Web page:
Natural killer cells fight cancer without collateral damage

Researchers hope the cells prove effective against solid tumors, without severe side effects.

Harnessing the ability of natural killer cells within our own immune system, researchers at Canada’s McMaster University have developed a new form of cancer immunotherapy.

The team engineered natural killer cells to not only attack cancerous cells — including in solid tumors, a problem for some other kinds of immunotherapy — that also to distinguish between those malignant cells and healthy cells that only look like them.

“We want to be able to attack these malignancies that have been so resistant to other treatments,” Ana Portillo, a Ph.D. candidate in the Department of Medicine and study lead author, told Brighter World

“The efficacy we see [with the natural killer cells] in the laboratory is very promising and seeing that this technology is feasible is very important. Now, we have much better and safer options for solid tumors.”

Your immune system vs. cancer: Hewed to the bone, immunotherapy harnesses your body’s immune system and sics it on cancer. 

While the immune system is designed for dealing with invaders and mutated cells, cancers have an array of tricks to give it the slip, including genetic mutations that make them hard to spot. Essentially, tumor cells can be ensconced in what is known as the “tumor microenvironment,” where they stay relatively unbothered by your cells designed to snuff them out.

Starting the CAR: There are multiple ways to juice the immune system, but the one the McMaster team utilized in their study, published in iScience, involves arming immune cells with a chimeric antigen receptor (CAR).

The CAR is added to immune cells harvested from the patient, which are then re-infused to hunt down cancer cells with a matching antigen. The most common form of immunotherapy, CAR-T therapy, uses CAR to enhance T cells. The McMaster team applies CAR to a different type of cell: natural killer cells.

CAR-T cell therapy works well for blood-borne cancers, but is less effective against solid tumors. As New Atlas reports, those cancers can “produce a strong environment around themselves that exhausts T cells quickly, or make it difficult for them to target the cancer.” The CAR-T cells can also replicate out of control, leading to potentially fatal side effects, and they cannot tell cancerous cells from some other harmless cells.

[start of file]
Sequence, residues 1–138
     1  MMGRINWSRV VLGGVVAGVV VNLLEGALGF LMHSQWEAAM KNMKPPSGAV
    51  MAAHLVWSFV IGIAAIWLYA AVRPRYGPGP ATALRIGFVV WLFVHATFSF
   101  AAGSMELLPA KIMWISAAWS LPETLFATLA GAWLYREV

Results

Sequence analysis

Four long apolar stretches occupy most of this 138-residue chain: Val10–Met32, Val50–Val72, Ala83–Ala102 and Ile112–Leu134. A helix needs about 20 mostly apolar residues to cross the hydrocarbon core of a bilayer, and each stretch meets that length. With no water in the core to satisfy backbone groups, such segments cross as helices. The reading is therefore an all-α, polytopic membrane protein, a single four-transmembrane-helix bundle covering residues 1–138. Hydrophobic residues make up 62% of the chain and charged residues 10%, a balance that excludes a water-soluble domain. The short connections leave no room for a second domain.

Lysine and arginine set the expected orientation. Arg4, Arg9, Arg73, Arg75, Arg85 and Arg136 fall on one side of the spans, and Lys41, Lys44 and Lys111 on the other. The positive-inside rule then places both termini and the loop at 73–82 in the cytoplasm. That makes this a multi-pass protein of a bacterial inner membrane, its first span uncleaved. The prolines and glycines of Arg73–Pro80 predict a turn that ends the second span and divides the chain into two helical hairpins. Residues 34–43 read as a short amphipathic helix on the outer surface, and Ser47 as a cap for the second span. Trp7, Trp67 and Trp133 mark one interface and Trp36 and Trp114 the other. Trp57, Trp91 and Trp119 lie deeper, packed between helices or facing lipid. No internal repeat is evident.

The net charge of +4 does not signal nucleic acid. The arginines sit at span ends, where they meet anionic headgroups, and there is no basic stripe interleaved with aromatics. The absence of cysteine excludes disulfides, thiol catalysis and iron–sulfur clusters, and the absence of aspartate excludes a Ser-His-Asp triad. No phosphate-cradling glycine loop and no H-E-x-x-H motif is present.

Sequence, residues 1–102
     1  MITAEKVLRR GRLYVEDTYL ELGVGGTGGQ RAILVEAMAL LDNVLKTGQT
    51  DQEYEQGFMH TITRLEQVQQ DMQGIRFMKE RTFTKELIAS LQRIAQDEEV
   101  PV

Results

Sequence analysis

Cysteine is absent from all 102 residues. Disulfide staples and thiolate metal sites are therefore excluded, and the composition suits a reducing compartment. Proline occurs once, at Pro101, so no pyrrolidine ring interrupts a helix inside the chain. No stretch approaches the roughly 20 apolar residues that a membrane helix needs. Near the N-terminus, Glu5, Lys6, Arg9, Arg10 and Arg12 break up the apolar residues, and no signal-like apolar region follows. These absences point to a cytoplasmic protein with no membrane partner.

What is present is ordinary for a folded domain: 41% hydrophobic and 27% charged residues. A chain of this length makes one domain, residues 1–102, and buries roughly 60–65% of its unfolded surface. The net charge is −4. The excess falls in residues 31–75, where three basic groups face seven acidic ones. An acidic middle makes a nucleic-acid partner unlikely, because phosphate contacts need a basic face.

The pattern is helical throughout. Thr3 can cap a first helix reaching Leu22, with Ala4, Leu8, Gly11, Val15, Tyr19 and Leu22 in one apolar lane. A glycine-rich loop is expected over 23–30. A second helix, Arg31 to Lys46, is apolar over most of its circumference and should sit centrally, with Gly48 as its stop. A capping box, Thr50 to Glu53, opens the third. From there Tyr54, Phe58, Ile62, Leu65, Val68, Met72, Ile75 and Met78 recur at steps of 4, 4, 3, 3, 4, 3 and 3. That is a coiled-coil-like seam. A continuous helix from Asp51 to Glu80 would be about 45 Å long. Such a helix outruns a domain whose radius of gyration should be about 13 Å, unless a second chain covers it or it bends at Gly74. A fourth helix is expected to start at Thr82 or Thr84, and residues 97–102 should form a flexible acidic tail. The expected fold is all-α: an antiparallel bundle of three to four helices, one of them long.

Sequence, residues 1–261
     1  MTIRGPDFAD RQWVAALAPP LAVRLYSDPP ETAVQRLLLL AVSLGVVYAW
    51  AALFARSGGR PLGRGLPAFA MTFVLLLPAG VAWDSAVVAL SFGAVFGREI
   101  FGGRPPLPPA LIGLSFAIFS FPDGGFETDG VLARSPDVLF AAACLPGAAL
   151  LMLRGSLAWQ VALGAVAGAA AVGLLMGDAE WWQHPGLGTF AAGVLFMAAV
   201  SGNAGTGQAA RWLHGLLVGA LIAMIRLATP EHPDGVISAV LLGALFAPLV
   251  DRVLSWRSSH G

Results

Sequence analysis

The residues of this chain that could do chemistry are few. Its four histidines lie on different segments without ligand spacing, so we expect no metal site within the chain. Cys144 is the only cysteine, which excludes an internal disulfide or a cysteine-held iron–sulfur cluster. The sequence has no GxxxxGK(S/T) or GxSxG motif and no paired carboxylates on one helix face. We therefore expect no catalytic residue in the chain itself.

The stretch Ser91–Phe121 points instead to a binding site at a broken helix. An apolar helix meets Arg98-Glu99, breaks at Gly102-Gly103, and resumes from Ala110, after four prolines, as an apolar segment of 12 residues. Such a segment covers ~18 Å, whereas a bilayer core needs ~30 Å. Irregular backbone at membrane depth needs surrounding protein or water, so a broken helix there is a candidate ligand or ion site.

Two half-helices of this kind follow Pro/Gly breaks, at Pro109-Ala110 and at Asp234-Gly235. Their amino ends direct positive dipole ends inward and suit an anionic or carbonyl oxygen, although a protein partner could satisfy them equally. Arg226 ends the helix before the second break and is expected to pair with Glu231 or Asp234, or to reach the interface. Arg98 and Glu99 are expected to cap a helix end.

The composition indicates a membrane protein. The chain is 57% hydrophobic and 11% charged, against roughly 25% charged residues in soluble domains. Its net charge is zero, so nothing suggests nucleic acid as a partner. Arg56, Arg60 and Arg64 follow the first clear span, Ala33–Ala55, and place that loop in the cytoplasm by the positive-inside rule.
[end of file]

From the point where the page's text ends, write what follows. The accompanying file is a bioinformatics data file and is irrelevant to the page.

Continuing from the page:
“The efficacy we see in the laboratory is very promising and seeing that this technology is feasible is very important. Now, we have much better and safer options for solid tumors.”

Ana Portillo

To circumvent these issues, the researchers turned to natural killers.

“Natural killer (NK) cells play a critical role in cancer immunosurveillance through their innate ability to recognize and kill malignant cells without prior antigen sensitization,” the authors wrote in their paper. 

Read: they kill without needing to be shown their targets. Naturally.

Increasing their (natural) killing power: Because of their innate ability to distinguish malignant and benign cells, natural killer cells have recently drawn the interest of immunotherapy researchers looking for a better option to CAR-T.

For their study, the team grew natural killer cells taken from the blood of a breast cancer patient. They then engineered the NK cells by adding the chimeric antigen receptor, turning them from roving, all-purpose killers into tumor-seeking smart missiles, with a suitably martial name: CAR-NK cells. 

When they turned their CAR-NK cells loose on tumor cells derived from breast cancer patients in the lab, the engineered natural killer cells attacked the cancerous cells while leaving the healthy cells alone. 

Natural killer cells kill without needing to be shown their targets.

“These are very exciting results, as to date the benefits of immunotherapy in breast cancer have lagged behind that of other malignancies,” Bindi Dhesy-Thind, an associate professor of oncology at McMaster, told Brighter World. “These engineered CAR-NK cells are an important step towards having a viable immunotherapy option in this large group of patients.”

Of course, what kills cancer in a dish is not guaranteed to do so in a person. Human clinical trials will need to be performed, although the researchers are hopeful that their CAR-NK therapy will be able to work not only against breast cancer, but solid tumors in other forms of cancer as well.

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